Hanging out in The Hague, Netherlands
I remember learning about The Hague, Netherlands while I was in school. The International Courts of Justice are located here, and all international criminals and cases are heard at this location. Since like most of the major Dutch cities it is located in the Northern part of the country, and less than an hour by train from Amsterdam, Rotterdam, Utrecht, etc, I decided to add it to my agenda. I also had a friend, Ward, who currently lives there, providing another reason to visit. I had met Ward a few months before in Agra, and we toured the Taj Mahal together.
Similar to the German rail system, the Dutch trains are both easily accessible and prompt, providing an excellent way to travel between cities. After arriving at the station in The Hague, I made the short 15 minute walk to Ward’s flat. Since The Hague has such a huge international presence, a lot of countries choose to have embassies there. In fact, the United States one was only a few doors down! While living near an embassy might not be that exciting, Ward and his flatmates had an even more interesting neighbor right next door-the prince of the Netherlands! Prince Constantijn, his wife, and their three children were all very friendly people, according to Ward. Since Ward and his flatmates are still in University, they even take turns babysitting the 3 children from time to time! Ward explained that even though they are considered to be Dutch royalty, they live a fairly normal life. I even had the opportunity to meet Prince Constantijn briefly, as our paths crossed once that weekend, when we were headed out. Now I can officially say that I’ve met a member of a royal family!
That first evening, Ward and I caught up with one another and traded stories of our adventures in India post-Agra. We also met up with some of his friends and went out for a few drinks. One great thing about knowing locals when one travels is that they always know where the best places to eat, drink, etc are. Ward would be the guide for the weekend, spearheading the agenda.
Our first stop of Saturday was to the Dutch House of Parliament. I was surprised how easy it was to gain entry-all we had to do was go through a metal detector and we were granted access! We entered the Parliament room and Ward explained the current breakout of seats between the various parties. Since all meetings are always televised, he mentioned that sometimes people head over to witness the session in person if it happens to get particularly interesting.
Our next stop was the Peace Palace, which houses the International Courts of Justice and Arbitration. It is possible to go on a tour of the Peace Palace, however, tours must be booked in advance online, and the tours are only offered at certain times of the year. Unfortunately, we were not able to enter, but we did stop inside the small museum that is located on-site. I found the museum to be very informative, not only telling the history of how the Peace Palace and International Courts were formed, but also some of the more prominent cases and the role that the Court has played in international relations. One thing that I wasn’t aware of was just how integral Andrew Carnegie was to its formation, providing a bulk of the money to fund the construction of the building.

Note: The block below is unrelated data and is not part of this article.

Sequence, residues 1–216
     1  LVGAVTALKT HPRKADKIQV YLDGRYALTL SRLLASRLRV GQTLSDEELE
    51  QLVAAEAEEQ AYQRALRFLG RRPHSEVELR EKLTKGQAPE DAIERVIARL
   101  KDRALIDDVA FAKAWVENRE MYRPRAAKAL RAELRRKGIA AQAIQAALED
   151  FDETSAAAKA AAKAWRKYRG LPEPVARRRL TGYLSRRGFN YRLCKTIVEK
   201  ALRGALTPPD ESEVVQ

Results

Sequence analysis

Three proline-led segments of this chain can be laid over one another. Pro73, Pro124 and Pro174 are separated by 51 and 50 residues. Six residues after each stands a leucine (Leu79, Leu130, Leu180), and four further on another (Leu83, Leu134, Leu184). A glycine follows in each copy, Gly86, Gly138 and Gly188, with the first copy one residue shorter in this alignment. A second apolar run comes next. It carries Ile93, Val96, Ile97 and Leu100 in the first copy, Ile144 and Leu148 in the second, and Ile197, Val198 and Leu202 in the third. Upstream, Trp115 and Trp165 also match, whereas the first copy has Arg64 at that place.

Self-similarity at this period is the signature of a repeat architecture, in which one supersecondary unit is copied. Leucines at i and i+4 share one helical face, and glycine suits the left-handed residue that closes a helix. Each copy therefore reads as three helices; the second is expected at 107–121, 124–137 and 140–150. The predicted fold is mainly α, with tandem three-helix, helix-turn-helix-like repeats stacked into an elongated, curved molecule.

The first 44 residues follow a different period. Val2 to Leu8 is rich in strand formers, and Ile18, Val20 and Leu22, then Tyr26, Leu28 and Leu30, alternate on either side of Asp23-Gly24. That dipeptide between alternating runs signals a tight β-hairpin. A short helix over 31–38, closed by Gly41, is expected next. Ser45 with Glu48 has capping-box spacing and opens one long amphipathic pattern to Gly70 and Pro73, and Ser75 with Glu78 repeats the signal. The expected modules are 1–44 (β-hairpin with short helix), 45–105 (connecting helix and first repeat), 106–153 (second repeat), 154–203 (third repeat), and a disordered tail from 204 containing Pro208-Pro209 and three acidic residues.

After we had our fill of the more political-themed sights, we biked to the local beach of Scheveningen. In true Dutch spring fashion, the weather was too cool for beach weather (around 50F), but there was a nice boardwalk that lined the coast with a variety of restaurants and even one fancy hotel. There were still a lot of people out and about enjoying the sunny Saturday, and we did as well, leisurely walking our way along the boardwalk.
Sunday morning, the only sight left on my list for The Hague, was the Mauritshuis museum. Once again, I gained free entrance thanks to the Museumkaart, and immediately made a beeline to the painting I wanted to see the most-“The Goldfinch”, by by Carel Fabritius. Why was I so excited to see this painting? There is book titled “The Goldfinch,” written by Donna Tartt, which chronicles the fictional story of a boy who accidentally takes the very same painting after he is injured from a bomb that detonates in the Museum of Modern Art. Too scared to return the painting for fear of punishment, he goes to great lengths in an attempt to keep the stolen painting a secret. True to Tartt’s description of the painting in her novel, I was able to pick up the same details in this depiction of a goldfinch in its cage. I spent some time just admiring the painting and reveling in the opportunity to see it in person, as the book is currently one of my favorites.
The other famous painted that is housed in the Mauritshuis is “The Girl With the Pearl Earring,” by Johannes Vermeer. It is so striking and thought-provoking that a novel and movie have also been made about this painting, although the stories chronicle the subject of the painting itself versus the actual painting, as like “The Goldfinch”.
After touring the Mauritshuis, I grabbed a quick bite with Ward and a few of his roommates before catching a Bla Bla car to my next destination-Utrecht! Overall, I greatly enjoyed my short stay in The Hague, and would definitely recommend anyone to add this city to your itinerary on your trip to the Netherlands!